fri 23/08/2019

William Christie, Les Arts Florissants, Barbican | reviews, news & interviews

William Christie, Les Arts Florissants, Barbican

William Christie, Les Arts Florissants, Barbican

A glorious spread from the French baroque specialists

Thank God for Les Arts Florissants. Without the assiduous efforts of this pretty, chic French ensemble and its expat American conductor William Christie, one of the great periods in musical history, that of the French high baroque, would still be shrouded in darkness. What would we now know of the Debussy of the 18th century, Jean-Philippe Rameau, or of the silky solemnity of Henry Desmarest, or of the festive André Campra, or of that arse-licker par excellence Jean-Baptiste Lully? Virtually nothing. And my ears for one would be the poorer.

Last night we received portraits of each of these Ancien Régime composers at the Barbican, where the pioneering band are celebrating their 30th anniversary. Hearing them play this repertoire was like hearing the Dresden Staatskapelle play Strauss or the Vienna Phil play Bruckner; it was what they were born to do. The French Baroque gave the ensemble their name and established their renown.
 
Even something like the Usquequo Domine by Desmarest (1708) that began the programme, not within my or many people’s foot-tapping repertoire, was performed like a staple classic. Of course, for them, it is. But so it should be for us all. Within this Grand Motet’s walls is music of such immediacy and raw emotional power that it did seem a crime that I – and probably most of the audience - had only just come across the work for the first time last night.
We open on a bleak, searing emotional landscape. These are hot shifting sands. The trilling, passacaglia bass-line meandered its slow course through the pained choral line like molten lava. We are baked by these feelings of guilt and desperation (taken from Psalm 12), then cooled by the liquid sounds of the ensuing trio aria of tenor Cyril Auvity, baritone Marc Mauillon and soprano Amel Brahim-Djelloul (who was looking like a kinky cardinal, swathed in a Richelieu-red dress that stopped short of her neckline).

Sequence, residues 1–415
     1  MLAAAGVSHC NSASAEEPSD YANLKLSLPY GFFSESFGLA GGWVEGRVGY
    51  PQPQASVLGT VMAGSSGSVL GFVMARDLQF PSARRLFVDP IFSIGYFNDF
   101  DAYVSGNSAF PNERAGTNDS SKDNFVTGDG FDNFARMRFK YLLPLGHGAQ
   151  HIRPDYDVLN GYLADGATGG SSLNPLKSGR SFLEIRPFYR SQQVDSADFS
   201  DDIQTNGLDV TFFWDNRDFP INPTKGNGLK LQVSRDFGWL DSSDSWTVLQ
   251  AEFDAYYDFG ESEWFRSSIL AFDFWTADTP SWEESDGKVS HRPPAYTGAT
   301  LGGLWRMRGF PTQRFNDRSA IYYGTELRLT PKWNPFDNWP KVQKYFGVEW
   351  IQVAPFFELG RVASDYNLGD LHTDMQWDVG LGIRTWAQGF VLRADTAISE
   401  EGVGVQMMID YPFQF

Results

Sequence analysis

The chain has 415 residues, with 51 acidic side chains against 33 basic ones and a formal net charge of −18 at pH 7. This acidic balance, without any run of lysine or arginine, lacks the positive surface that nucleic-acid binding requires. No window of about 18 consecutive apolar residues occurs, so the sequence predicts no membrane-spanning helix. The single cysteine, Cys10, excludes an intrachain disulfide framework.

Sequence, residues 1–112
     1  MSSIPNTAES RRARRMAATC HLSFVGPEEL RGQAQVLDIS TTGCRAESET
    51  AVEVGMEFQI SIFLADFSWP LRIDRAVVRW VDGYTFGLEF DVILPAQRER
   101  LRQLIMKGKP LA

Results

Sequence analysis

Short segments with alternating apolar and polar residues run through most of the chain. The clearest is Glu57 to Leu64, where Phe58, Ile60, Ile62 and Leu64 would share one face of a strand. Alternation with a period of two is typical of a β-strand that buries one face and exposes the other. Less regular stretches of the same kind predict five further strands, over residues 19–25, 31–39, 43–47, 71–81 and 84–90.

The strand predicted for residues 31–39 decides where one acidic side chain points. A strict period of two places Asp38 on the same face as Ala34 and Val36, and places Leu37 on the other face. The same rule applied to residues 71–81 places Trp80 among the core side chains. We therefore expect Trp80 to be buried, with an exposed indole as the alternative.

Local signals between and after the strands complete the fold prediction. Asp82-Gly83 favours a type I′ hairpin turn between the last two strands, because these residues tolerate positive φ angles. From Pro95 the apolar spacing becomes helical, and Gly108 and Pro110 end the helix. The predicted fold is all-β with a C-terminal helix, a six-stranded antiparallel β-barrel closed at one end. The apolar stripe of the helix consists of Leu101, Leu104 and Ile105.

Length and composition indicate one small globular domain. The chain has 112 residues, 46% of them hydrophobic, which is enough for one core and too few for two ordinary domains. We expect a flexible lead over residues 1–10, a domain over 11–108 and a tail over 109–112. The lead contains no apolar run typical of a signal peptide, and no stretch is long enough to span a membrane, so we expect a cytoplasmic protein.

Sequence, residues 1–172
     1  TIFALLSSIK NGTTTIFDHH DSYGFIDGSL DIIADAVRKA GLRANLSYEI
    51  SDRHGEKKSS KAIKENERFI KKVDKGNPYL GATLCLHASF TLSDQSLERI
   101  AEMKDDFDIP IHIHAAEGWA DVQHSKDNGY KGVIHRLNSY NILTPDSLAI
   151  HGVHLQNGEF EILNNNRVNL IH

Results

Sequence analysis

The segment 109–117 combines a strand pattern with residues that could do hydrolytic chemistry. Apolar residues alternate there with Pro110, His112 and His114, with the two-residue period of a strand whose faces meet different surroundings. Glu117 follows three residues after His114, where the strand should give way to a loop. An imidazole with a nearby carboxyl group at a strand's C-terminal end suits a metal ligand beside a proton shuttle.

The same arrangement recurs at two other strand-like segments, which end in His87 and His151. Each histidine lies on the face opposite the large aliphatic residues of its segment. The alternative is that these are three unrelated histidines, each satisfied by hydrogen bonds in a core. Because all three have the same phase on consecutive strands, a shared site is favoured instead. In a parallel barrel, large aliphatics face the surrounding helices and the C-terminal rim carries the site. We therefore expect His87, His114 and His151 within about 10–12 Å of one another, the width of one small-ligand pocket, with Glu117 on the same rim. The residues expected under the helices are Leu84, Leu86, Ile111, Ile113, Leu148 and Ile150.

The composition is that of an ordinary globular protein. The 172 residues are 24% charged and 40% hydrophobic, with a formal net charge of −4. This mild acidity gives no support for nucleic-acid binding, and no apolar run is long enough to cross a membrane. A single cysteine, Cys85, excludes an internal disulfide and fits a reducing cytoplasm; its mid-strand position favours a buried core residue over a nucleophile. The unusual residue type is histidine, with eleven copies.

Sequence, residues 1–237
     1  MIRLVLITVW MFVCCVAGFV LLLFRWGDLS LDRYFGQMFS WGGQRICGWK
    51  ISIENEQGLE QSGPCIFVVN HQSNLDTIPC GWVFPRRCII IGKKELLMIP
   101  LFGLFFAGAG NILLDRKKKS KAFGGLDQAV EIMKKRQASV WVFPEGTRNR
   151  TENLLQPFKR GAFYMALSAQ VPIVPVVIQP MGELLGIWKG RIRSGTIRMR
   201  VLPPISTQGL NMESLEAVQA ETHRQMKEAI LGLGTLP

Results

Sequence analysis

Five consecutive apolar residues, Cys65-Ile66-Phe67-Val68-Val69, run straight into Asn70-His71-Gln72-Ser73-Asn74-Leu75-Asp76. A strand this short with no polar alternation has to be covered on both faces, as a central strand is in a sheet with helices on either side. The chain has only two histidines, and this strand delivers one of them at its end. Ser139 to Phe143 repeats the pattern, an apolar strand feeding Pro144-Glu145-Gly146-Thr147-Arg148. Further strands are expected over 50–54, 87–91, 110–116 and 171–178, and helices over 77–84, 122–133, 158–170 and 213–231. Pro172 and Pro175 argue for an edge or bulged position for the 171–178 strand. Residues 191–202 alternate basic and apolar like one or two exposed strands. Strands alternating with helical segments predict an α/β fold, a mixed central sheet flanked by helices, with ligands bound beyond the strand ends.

The feeling of despair gives way to one of triumphalism in Campra’s Exaudiat te Dominus (1703). It isn’t, however, ever the trumpeting brilliance that impresses in these court works – though the trumpeting was very fine last night. It is the moments when the sound is reduced to a wintry spareness, when we are faced with a gossamer-like vulnerability, that the real excitement comes: the two flutes becoming breath, the two tenors flying high and reduced to a whisper.
These are virtuosic works and require virtuosic efforts. Soloists, choir and conductor are kept on their toes. Auvity’s stratospheric climbs were astonishing, as were his starling-like eddies through the ornamentation. But perhaps the most virtuosic act was that of casting. The Grand Motets of the French High Baroque are the Kama Sutra of vocal combination. Now we have a baritone with choir, now two tenors with a baritone, now a soprano and two tenors; in Rameau’s Deus noster refugium (1714) there are six soloists in every position imaginable.
The lineup was without a weak link. Between the expressive warmth of baritone Mouillon, the outward beauty of Djelloul, the introspection of soprano Emmanuelle de Negri, the good humour of baritone Alain Buet and the haute-contre impressiveness of Auvity, one had it all.
In programmes like these Rameau is most often crowned the musical king. But in his offering, there was something lacking. It was full of colour, for sure, but ringing a little hollow. And so it was with the Lully Te Deum too. In Lully's case, court servility probably had something to do with the feeling of glibness. For Rameau – the classic late-starter: he wrote his first opera at 49 – inexperience was most likely to blame. We got a sense of Rameau at his peak, however, in the second encore, a choral number from his opera Les Indes Galantes, which had the choir creeping forth in their inimitable way, first to seduce, then to scorch, then to soothe. Heaven.

Information on Les Arts Florissants' forthcoming concerts can be found here. For more on the rest of the Barbican season, click here.

 

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